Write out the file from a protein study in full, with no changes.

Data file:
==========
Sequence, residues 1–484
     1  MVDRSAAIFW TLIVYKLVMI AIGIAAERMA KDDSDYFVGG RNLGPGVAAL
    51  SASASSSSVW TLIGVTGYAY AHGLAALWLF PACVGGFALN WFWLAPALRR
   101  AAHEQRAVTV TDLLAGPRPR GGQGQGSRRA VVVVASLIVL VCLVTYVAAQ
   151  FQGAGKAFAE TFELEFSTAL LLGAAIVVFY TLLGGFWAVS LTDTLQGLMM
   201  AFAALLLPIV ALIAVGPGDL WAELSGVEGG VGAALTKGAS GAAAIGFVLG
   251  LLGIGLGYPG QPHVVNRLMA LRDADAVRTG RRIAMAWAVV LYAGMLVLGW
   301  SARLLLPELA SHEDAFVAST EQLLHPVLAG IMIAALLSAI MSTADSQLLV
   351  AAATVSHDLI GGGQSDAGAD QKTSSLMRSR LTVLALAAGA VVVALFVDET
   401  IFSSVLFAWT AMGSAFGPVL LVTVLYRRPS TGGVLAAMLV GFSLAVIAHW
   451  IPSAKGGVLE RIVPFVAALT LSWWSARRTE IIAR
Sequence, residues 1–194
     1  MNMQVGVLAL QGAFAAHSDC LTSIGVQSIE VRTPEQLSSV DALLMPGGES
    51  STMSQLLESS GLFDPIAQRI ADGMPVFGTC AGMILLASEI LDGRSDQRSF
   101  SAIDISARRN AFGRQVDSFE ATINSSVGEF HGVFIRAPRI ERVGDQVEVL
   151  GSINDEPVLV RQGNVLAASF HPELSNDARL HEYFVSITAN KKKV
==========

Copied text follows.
Sequence, residues 1–484
     1  MVDRSAAIFW TLIVYKLVMI AIGIAAERMA KDDSDYFVGG RNLGPGVAAL
    51  SASASSSSVW TLIGVTGYAY AHGLAALWLF PACVGGFALN WFWLAPALRR
   101  AAHEQRAVTV TDLLAGPRPR GGQGQGSRRA VVVVASLIVL VCLVTYVAAQ
   151  FQGAGKAFAE TFELEFSTAL LLGAAIVVFY TLLGGFWAVS LTDTLQGLMM
   201  AFAALLLPIV ALIAVGPGDL WAELSGVEGG VGAALTKGAS GAAAIGFVLG
   251  LLGIGLGYPG QPHVVNRLMA LRDADAVRTG RRIAMAWAVV LYAGMLVLGW
   301  SARLLLPELA SHEDAFVAST EQLLHPVLAG IMIAALLSAI MSTADSQLLV
   351  AAATVSHDLI GGGQSDAGAD QKTSSLMRSR LTVLALAAGA VVVALFVDET
   401  IFSSVLFAWT AMGSAFGPVL LVTVLYRRPS TGGVLAAMLV GFSLAVIAHW
   451  IPSAKGGVLE RIVPFVAALT LSWWSARRTE IIAR
Sequence, residues 1–194
     1  MNMQVGVLAL QGAFAAHSDC LTSIGVQSIE VRTPEQLSSV DALLMPGGES
    51  STMSQLLESS GLFDPIAQRI ADGMPVFGTC AGMILLASEI LDGRSDQRSF
   101  SAIDISARRN AFGRQVDSFE ATINSSVGEF HGVFIRAPRI ERVGDQVEVL
   151  GSINDEPVLV RQGNVLAASF HPELSNDARL HEYFVSITAN KKKV